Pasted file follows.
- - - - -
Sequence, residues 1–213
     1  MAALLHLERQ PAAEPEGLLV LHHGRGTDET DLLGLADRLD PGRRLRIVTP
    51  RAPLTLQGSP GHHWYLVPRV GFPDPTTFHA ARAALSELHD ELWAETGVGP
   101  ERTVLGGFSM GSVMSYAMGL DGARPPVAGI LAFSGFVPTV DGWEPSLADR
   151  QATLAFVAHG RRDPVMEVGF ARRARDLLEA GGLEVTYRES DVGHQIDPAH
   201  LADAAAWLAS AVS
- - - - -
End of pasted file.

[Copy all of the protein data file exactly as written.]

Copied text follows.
Sequence, residues 1–213
     1  MAALLHLERQ PAAEPEGLLV LHHGRGTDET DLLGLADRLD PGRRLRIVTP
    51  RAPLTLQGSP GHHWYLVPRV GFPDPTTFHA ARAALSELHD ELWAETGVGP
   101  ERTVLGGFSM GSVMSYAMGL DGARPPVAGI LAFSGFVPTV DGWEPSLADR
   151  QATLAFVAHG RRDPVMEVGF ARRARDLLEA GGLEVTYRES DVGHQIDPAH
   201  LADAAAWLAS AVS